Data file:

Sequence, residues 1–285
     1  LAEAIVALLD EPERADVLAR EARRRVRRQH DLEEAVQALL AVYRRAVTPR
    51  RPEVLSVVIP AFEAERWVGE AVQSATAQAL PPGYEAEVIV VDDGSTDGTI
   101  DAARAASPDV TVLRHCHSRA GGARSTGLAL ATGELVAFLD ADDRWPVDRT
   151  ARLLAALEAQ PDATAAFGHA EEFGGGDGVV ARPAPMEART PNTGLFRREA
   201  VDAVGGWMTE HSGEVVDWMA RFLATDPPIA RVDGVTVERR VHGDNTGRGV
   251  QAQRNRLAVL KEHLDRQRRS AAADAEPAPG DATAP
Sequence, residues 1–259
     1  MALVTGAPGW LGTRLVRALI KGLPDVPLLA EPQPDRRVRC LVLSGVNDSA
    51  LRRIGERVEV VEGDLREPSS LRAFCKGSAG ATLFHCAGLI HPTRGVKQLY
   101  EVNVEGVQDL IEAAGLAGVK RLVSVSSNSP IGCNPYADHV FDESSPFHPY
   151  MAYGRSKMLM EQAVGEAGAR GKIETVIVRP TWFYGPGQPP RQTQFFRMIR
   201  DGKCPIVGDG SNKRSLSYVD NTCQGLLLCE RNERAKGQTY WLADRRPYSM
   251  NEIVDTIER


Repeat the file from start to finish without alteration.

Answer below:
Sequence, residues 1–285
     1  LAEAIVALLD EPERADVLAR EARRRVRRQH DLEEAVQALL AVYRRAVTPR
    51  RPEVLSVVIP AFEAERWVGE AVQSATAQAL PPGYEAEVIV VDDGSTDGTI
   101  DAARAASPDV TVLRHCHSRA GGARSTGLAL ATGELVAFLD ADDRWPVDRT
   151  ARLLAALEAQ PDATAAFGHA EEFGGGDGVV ARPAPMEART PNTGLFRREA
   201  VDAVGGWMTE HSGEVVDWMA RFLATDPPIA RVDGVTVERR VHGDNTGRGV
   251  QAQRNRLAVL KEHLDRQRRS AAADAEPAPG DATAP
Sequence, residues 1–259
     1  MALVTGAPGW LGTRLVRALI KGLPDVPLLA EPQPDRRVRC LVLSGVNDSA
    51  LRRIGERVEV VEGDLREPSS LRAFCKGSAG ATLFHCAGLI HPTRGVKQLY
   101  EVNVEGVQDL IEAAGLAGVK RLVSVSSNSP IGCNPYADHV FDESSPFHPY
   151  MAYGRSKMLM EQAVGEAGAR GKIETVIVRP TWFYGPGQPP RQTQFFRMIR
   201  DGKCPIVGDG SNKRSLSYVD NTCQGLLLCE RNERAKGQTY WLADRRPYSM
   251  NEIVDTIER